From the July 2019 issue

What Creates Gravitational Waves?

Just as a boat creates waves on a lake as it slices forward through the water, stars and other bodies in the universe create ripples in the fabric of space-time.
By | Published: July 1, 2019 | Last updated on May 18, 2023
WAVY BANG. Supernova explosions, like the one that produced the Crab Nebula (M1) in the constellation Taurus in 1054, are significant producers of gravitational waves.
NASA/The Hubble Heritage Team
In 1916, Albert Einstein revolutionized our understanding of the universe when he published his general theory of relativity. In it, the German-born physicist described the complex relationship between the fabric of space-time and the mass of celestial bodies. Space-time is the combination of three spatial directions (height, width, and depth) with the time dimension.

The easiest way to interpret gravitational interactions, Einstein said, is to think of the space-time continuum as a stretchable material that bends as massive objects “sit” inside it. While this two-dimensional analogy does not represent what is happening in four-dimensional space-time, it serves as a capable model.

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CENTRAL ENGINE. Black holes are important creators of gravitational waves. This artwork shows the central supermassive one that powers the active galaxy PKS 0521–36.
Dana Berry/STScI

When you stretch a pliable plastic sheet tautly, and you place a softball on it, the gravity well around the ball pushes the sheet downward and curves the fabric. The same thing happens in the four-dimensional universe. Near actual massive objects that have large gravitational pulls, the “fabric” of space-time curves and stretches.

Massive objects also cause another effect in the fabric of space-time. Just as a boat creates waves on a lake as it slices forward through the water, stars and other bodies in the universe create ripples in the fabric of space-time as they move. Astronomers call these ripples gravitational waves.

Immense objects like black holes create larger gravitational waves than less massive objects. Likewise, objects moving rapidly through space create more sustained gravitational waves than slower moving ones. When these gravitational-wave signals finally reach Earth, however, they are extremely weak. Like waves in water, gravitational waves diminish as they move outward from their origin. So gravitational waves prove difficult to detect and interpret once they reach us from a variety of distant locations.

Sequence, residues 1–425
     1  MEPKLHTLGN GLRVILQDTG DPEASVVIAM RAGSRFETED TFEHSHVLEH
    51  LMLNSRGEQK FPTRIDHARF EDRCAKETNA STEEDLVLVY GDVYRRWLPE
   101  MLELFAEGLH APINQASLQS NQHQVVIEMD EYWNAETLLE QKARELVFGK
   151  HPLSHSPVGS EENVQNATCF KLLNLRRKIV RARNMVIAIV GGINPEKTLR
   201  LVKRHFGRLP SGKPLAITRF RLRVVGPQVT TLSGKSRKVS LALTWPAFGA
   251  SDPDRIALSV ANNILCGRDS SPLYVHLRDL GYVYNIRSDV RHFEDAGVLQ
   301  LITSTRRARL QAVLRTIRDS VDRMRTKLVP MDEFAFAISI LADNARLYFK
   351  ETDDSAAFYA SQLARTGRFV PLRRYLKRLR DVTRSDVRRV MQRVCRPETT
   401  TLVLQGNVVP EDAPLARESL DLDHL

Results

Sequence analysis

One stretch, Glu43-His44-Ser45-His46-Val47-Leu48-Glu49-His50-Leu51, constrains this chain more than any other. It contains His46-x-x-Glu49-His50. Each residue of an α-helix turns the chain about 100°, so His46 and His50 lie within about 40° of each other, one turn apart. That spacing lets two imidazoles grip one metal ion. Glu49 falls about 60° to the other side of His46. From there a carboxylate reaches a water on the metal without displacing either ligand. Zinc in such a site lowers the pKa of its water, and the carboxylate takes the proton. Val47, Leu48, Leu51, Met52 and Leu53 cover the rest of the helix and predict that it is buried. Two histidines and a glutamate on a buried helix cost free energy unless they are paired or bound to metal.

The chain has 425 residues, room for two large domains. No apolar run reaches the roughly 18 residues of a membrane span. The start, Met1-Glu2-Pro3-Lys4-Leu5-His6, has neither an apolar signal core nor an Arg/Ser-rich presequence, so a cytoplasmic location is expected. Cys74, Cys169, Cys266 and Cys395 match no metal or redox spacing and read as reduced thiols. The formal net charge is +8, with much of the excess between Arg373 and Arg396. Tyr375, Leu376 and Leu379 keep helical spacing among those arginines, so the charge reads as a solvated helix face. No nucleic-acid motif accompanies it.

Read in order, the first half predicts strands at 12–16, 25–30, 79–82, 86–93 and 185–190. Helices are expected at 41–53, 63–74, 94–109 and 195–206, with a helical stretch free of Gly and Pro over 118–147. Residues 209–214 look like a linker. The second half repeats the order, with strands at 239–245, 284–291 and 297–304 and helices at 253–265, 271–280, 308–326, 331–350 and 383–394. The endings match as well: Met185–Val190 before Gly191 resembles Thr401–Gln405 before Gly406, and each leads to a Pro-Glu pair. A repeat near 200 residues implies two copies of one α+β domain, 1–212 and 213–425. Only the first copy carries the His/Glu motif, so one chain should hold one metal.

But after years of searching, in late 2015, researchers finally detected the first clear signal of a gravitational wave passing through Earth. This signal, dubbed GW150914, originated from the merger of two black holes with a combined mass of roughly 60 suns. Since then, scientists have confirmed gravitational-wave signals from four additional merging pairs of black holes, as well as a merging pair of neutron stars for good measure.

With these detections, astronomers now know the interaction of two compact and massive bodies usually produces gravitational waves. The interactions can be between binary black holes or neutron stars, but they also may be between merging galaxies or normal stars simply encountering each other.

SPINNING STAR. Gravitational waves originate from a variety of objects, including pulsars, rapidly rotating neutron stars. Using NASA’s Rossi X-ray Timing Explorer, astronomers found in 2003 the upper limit to a pulsar’s spin, based on an outburst on a pulsar, shown in this series of illustrations.
Dana Berry/STScI
To help detect these faint gravitational-wave signals, astronomers use a technique called interferometry. Two large test masses placed a great distance apart serve as detectors. The masses are free to move in all directions, and lasers continuously measure the exact distance between them. When a gravitational wave passes through them, the cosmic ripple causes their distance to fluctuate slightly. It’s an ingenious technique, and scientists have used such devices in several places around the world to hunt for gravitational waves.

The Advanced Laser Interferometer Gravitational-wave Observatory (LIGO), a joint project between MIT and Caltech, has two locations: one in Hanford, Washington, and the other in Livingston, Louisiana. Teaming up with LIGO is the French- and Italian-led Virgo collaboration, which operates the Advanced Virgo interferometer, a third gravitational-wave detector that enables researchers to better pinpoint the sources of gravitational-wave events like those found in recent years. 

Above all these Earth-based projects, the European Space Agency (ESA) plans to launch the Laser Interferometer Space Antenna (LISA) in 2034. To test the space-based technologies needed for such an enormous mission, ESA, with the help of NASA, launched the LISA Pathfinder satellite in 2016. Since Pathfinder far exceeded expectations, the LISA project will likely provide the best observatory for detecting gravitational waves and will give astronomers significant clues about the interaction of matter and space-time, and how the universe came to be.